He didn’t do any of that. Okay? We do, oftentimes, because that’s our checklist. It’s the “Jesus plus.” The Gospel is sufficient. He said, “You’re going to be with me today in paradise.” Just asking, “Can I be with You?” was enough. And sometimes we convolute that. Paul’s concerned in all of his epistles that if we lose that simple message, we lose what’s the most powerful thing that we have in the Church, which is simply the person of Jesus. He is who we talk about.

So, that being said, Paul now turns, in Colossians 1:24-2:15 — we’re going to cover a lot of material. So, if you catch me outside of the church today and you go, “Whoa, man. We did a lot of stuff today,” I just want to let you know we’re going to do that so you don’t have to tell me that afterwards. You know that we’re doing that before because we’re going to cover a lot of material. So, we’re going out a firehose right now and drink some water out so we’re going to get through this. But we need to go through this. I think we’ll cover through all this. And I think this will be a blessing to everybody.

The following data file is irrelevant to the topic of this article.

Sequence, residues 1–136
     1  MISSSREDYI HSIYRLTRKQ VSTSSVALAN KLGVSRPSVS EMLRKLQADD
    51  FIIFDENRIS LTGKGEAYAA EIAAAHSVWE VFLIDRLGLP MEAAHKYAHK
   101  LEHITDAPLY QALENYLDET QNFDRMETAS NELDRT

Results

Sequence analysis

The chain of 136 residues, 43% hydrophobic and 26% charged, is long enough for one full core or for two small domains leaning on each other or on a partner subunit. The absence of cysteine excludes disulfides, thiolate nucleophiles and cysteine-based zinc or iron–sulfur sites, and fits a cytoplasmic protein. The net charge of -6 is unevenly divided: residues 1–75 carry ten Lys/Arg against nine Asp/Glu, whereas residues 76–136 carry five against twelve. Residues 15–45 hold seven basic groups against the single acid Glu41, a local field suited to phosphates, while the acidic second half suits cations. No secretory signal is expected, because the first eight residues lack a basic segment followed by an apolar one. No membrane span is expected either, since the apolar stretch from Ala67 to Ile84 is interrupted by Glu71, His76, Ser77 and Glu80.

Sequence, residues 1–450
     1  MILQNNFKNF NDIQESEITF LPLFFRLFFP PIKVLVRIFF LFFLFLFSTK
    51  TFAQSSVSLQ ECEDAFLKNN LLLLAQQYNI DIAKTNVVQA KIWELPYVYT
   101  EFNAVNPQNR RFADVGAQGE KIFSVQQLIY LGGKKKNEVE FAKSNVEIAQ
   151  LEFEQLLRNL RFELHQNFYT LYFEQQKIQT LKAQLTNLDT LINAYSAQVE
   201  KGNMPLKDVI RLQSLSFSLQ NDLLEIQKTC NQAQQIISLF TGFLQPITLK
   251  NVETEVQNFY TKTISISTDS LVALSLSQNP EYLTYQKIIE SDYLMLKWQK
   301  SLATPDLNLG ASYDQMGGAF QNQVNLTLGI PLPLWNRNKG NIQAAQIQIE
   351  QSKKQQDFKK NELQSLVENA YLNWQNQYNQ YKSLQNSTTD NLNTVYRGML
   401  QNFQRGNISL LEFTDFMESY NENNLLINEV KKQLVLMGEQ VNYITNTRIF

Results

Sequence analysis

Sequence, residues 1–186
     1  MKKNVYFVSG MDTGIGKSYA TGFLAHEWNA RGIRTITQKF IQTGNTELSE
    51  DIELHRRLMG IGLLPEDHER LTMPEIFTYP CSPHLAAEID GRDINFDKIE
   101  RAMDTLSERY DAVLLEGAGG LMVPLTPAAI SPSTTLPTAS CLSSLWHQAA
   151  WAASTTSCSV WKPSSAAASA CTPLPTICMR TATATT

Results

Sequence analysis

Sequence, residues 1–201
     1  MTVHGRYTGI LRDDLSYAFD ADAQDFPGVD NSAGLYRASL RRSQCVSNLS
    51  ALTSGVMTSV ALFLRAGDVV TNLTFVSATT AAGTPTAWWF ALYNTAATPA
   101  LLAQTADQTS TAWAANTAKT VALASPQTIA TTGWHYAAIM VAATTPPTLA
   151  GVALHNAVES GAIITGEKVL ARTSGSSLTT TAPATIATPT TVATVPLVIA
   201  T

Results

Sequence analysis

So, Paul now turns and starts really sharing some personal things. We’re going to see some of the psychology of Paul and how he viewed his ministry and how he viewed his life and his place in all of this. It’s very telling, it’s very touching, but it’s also very, very, very instructional for you and me in our Christian walk.

So, he says, in Colossians 1:24, “I rejoice in my sufferings for your sake,”